‘Rapid Progress’ Made on Post-Brexit Trade Deal with New Zealand: Report

A man raises a New Zealand flag as he attends a vigil in memory of the twin mosque massacre victims in Christchurch on March 24, 2019. - New Zealand will hold a national remembrance service for victims of the Christchurch massacre on March 29, the government announced, as the country …

The United Kingdom has reportedly made “rapid progress” in securing a post-Brexit trade deal with the British commonwealth nation of New Zealand, which would see British companies enjoy greater access to the market and cheaper food imports back to the UK.

Trade Secretary Liz Truss is set to meet with her Kiwi counterparts for a fourth and final round of negotiations this week.

The two countries have already agreed on a preliminary outline of the deal, which would cut tariffs on beef, lamb, and wine from New Zealand in return for the country purchasing more British cars, food, and gin.

“New Zealand is likely to be the next big deal we get over the line. It is neck and neck between them and Australia but there’s every chance a Kiwi deal closes first. A deal would ­support jobs across Britain,” a source close to Ms Truss told The Sun.

At present, imports from New Zealand are slapped with a 20 per cent tariff which had been set by the European Union. However, the newly independent UK is now free to arrange its own rates following Brexit. British brands, such as chocolate makers, tea companies, and even British made motorhomes and caravans, could all see tariffs cut in return, providing a potential boost to business in the UK.

In the 1960s, around half of New Zealand’s exports went to the UK, but the trading relationship declined after the UK joined the then-European Economic Community (the EU, as it was known) in 1973.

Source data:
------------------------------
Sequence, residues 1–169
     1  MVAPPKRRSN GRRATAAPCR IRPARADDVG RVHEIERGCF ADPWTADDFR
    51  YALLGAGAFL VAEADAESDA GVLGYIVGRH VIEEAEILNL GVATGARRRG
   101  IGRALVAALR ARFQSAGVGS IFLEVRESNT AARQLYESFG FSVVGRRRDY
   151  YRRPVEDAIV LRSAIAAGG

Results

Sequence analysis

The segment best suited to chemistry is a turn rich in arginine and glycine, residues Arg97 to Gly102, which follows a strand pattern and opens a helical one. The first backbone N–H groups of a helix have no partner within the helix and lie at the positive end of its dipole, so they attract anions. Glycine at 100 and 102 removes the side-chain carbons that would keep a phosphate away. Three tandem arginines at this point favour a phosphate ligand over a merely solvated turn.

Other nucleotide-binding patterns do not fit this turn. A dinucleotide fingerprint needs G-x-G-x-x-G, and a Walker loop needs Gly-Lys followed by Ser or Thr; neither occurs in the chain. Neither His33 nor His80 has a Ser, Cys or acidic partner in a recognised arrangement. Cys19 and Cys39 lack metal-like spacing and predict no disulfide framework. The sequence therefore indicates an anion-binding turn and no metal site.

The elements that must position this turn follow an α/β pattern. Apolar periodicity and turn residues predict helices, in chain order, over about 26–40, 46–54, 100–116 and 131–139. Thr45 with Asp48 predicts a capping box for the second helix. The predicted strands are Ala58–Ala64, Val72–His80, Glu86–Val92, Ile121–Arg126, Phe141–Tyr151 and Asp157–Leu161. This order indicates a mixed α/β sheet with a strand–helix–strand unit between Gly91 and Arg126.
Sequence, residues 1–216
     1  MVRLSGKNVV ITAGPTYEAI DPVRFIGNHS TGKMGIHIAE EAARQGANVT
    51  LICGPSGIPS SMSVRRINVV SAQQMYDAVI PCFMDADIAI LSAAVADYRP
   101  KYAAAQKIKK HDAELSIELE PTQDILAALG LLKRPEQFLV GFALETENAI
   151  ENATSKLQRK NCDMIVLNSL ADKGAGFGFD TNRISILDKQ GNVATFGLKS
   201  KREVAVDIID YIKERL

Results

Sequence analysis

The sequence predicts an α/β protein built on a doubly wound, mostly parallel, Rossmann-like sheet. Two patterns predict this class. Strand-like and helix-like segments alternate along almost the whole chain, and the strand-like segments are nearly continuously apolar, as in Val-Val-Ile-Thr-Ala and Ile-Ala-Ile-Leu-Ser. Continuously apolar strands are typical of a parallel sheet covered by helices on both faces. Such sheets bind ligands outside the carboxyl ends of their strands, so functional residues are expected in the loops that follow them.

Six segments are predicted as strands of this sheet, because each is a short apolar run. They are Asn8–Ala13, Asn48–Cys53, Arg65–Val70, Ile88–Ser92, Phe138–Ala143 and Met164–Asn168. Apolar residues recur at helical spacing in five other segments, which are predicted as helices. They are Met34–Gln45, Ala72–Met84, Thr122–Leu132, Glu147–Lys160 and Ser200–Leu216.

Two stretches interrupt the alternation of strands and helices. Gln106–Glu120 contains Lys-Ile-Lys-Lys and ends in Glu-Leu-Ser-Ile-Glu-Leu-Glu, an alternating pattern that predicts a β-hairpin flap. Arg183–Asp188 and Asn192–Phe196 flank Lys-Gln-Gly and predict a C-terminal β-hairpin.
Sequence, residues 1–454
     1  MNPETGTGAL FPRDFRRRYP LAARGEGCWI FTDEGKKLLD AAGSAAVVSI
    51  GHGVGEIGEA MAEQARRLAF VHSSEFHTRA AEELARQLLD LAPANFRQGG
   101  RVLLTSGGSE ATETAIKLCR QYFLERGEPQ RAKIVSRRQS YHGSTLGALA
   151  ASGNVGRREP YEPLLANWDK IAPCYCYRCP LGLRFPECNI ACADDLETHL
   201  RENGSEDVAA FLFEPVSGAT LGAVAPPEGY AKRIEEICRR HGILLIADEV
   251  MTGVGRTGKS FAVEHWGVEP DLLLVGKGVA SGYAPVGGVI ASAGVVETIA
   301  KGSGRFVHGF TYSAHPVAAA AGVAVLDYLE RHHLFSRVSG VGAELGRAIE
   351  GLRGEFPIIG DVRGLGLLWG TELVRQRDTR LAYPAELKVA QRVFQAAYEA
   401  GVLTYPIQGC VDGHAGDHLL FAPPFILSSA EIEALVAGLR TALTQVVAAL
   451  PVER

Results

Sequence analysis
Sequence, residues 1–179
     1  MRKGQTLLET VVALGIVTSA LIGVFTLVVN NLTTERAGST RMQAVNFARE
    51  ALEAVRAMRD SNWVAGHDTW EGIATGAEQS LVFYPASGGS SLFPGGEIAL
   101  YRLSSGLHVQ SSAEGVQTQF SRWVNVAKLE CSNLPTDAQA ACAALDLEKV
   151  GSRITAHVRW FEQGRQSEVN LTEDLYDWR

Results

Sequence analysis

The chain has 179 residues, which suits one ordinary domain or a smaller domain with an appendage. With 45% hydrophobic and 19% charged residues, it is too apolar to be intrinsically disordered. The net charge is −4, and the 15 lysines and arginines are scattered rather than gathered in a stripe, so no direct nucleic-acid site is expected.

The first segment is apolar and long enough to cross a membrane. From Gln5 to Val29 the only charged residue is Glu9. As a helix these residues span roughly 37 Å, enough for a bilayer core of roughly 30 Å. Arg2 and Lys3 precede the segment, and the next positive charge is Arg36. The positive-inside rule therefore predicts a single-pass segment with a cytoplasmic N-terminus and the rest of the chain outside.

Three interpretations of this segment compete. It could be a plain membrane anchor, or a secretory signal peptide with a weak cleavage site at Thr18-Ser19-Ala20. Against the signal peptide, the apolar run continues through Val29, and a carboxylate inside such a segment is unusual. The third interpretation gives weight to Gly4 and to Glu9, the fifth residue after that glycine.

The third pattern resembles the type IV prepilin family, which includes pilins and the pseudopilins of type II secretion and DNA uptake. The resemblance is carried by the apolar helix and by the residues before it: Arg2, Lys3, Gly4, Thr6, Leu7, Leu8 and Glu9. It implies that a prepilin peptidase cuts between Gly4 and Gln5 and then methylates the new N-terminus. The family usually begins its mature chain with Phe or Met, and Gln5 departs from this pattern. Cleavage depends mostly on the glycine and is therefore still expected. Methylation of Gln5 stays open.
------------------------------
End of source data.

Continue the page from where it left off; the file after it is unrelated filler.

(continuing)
The hopes among British negotiators are that the trade deal would not only serve to ramp up trade between the two countries, valued at £2.9 billion as of 2019, but also to pave the way for the UK to join the Comprehensive and Progressive Agreement for Trans-Pacific Partnership (CPTPP), an 11 country, £9 trillion trade agreement.

Following Brexit, the UK has been able to secure a continuity trade agreement with Canada and a trade deal with Japan. However, a key pillar of post-EU trade for Britain — a trade deal with the United States — remains elusive.

In March, Breitbart London reported that Washington insiders have signalled that the Biden administration has so de-prioritised a trade deal with the UK, that one may not be signed until at least 2022.

President Biden, who often touts his Irish heritage, has long expressed his opposition to Brexit and could be looking to make good on former President Barack Obama’s warning that the UK would go to the “back of the queue” if it voted to leave the European Union.

In contrast, former President Trump was a strident supporter of the pro-sovereignty movement and vowed to sign a massive trade deal with the UK. Yet, many accused the notionally Conservative government of Prime Minister Boris Johnson of dragging its feet and failing to secure a deal before the American election.

In May of last year, the chairman of the Bow Group, Britain’s oldest conservative think tank, Ben Harris-Quinney, told Breitbart London that the government had “for too long… de-prioritised the very generous offers the United States has been making regarding a trade deal. Those offers won’t necessarily be there indefinitely, and we should make discussing them an absolute priority.”

This sentiment was backed up by Brexit leader Nigel Farage who said in November: “The Conservatives had 4 years to do a trade with the USA and [a] pro-UK President, and they failed.”

Mr Farage also said that Biden “is keener on the relationship with Ireland than he is with us, sees Brexit as a mistake and I do not see any prospect of a free trade deal with the USA under President Joe Biden”.

Follow Kurt Zindulka on Twitter here @KurtZindulka


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